The coral bleaching event currently impacting the Great Barrier Reef is major and significant.
The Reef 2050 Independent Expert Panel met this week and provided me with a thorough briefing on the severity and geographical extent of bleaching.
The event is still unfolding and the full extent and severity of bleaching may take several weeks to manifest.
The Great Barrier Reef covers a vast area – larger than Italy – and the impact of bleaching varies across its 345,000 square kilometres.
I asked the Panel to release their scientific findings and provide advice to the Government on what further action can be taken.
The latest advice from the Great Barrier Reef Marine Park Authority (GBRMPA) is that the most severe bleaching continues to be in the far northern sector between Cooktown and the tip of Cape York Peninsula.
The extent and severity of bleaching has also increased in the area between Cooktown and Tully, with moderate to severe bleaching being detected.
Recent surveys have confirmed minor bleaching in southern areas.
I have asked GBRMPA to publicly release a new update. This is being finalised and is due to be released shortly.
Whilst the current coral bleaching event is extremely concerning, there has been some positive news in recent days with a report from the Australian Institute of Marine Science identifying an average increase in coral cover across the entire reef of 19.3 per cent for the three years to 2015, prior to the current bleaching event.
The advice from the head of GBRMPA is that these results show that the Great Barrier Reef is a resilient ecosystem and has the ability to bounce back from impacts once other pressures are reduced.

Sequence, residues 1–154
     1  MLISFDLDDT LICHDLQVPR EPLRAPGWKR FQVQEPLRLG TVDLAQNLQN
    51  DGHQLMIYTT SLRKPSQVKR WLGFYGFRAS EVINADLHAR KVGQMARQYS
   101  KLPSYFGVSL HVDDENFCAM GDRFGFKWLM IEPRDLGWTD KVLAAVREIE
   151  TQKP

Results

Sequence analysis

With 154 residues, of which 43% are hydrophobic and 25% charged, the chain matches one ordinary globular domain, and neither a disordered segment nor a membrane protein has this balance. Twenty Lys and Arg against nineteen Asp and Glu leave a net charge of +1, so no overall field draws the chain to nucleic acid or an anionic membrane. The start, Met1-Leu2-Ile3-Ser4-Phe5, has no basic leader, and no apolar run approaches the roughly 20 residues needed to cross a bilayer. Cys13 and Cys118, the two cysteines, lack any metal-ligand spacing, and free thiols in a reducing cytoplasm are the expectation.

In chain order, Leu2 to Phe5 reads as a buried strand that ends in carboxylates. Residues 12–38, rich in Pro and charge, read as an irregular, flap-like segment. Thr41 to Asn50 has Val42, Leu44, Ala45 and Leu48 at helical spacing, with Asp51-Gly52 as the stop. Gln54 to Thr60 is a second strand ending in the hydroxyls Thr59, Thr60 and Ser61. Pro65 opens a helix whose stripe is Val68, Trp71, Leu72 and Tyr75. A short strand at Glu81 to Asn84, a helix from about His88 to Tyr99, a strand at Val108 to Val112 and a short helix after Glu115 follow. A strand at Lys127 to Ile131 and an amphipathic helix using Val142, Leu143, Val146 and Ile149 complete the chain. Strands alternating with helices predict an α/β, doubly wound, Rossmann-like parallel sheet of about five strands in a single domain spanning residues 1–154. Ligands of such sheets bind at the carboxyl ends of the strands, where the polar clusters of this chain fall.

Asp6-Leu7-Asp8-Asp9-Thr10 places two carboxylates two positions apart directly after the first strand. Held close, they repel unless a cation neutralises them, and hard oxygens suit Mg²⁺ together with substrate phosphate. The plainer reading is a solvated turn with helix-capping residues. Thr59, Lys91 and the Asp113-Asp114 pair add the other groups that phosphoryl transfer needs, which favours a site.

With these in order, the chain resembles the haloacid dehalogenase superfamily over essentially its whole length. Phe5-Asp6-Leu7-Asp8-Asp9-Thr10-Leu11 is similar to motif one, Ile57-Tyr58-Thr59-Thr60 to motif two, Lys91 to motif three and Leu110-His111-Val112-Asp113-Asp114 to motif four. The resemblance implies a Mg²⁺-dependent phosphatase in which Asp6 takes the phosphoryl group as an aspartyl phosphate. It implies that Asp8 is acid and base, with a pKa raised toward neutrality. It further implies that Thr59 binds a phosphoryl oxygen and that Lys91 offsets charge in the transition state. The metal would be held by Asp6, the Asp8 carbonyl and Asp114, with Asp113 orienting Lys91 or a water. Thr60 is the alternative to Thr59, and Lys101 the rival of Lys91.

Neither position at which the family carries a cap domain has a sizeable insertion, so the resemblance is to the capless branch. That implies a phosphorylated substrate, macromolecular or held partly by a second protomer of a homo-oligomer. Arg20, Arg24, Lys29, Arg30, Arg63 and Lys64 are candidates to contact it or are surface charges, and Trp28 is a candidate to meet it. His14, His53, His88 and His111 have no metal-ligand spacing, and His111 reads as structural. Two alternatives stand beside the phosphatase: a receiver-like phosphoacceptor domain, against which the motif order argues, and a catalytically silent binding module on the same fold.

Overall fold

However, if major disturbances such as bleaching events occur more regularly, this will affect the Reef’s ability to recover.
The Australian Government is providing financial and logistical support for new research into coral bleaching events impacting the Great Barrier Reef.
Like all reefs around the world, the Great Barrier Reef faces challenges.
The most effective way to protect the reef is to ensure it is healthy, which will help it withstand the effects of climate change.
In the short-term, Government is working to boost coral health through actions such as culling the predator crown-of-thorns starfish on high value reefs – for which the Independent Expert Panel has endorsed further action.
Improving water quality is a focus of the Reef 2050 Long Term Sustainability Plan which will increase reef resilience in the medium term, while global efforts to tackle climate change will improve the long-term outlook for coral reefs around the world.
Our work to protect the great Barrier Reef resulted in the World Heritage Committee declaring last July that Australia was a global role model for the management of World Heritage properties and that the Reef would not be listed ‘in danger’ but rather was returned to the highest status level on the World Heritage list.
The Reef 2050 Independent Expert Panel meeting communiqué is available online: www.environment.gov.au/marine/gbr/reef2050/advisory-bodies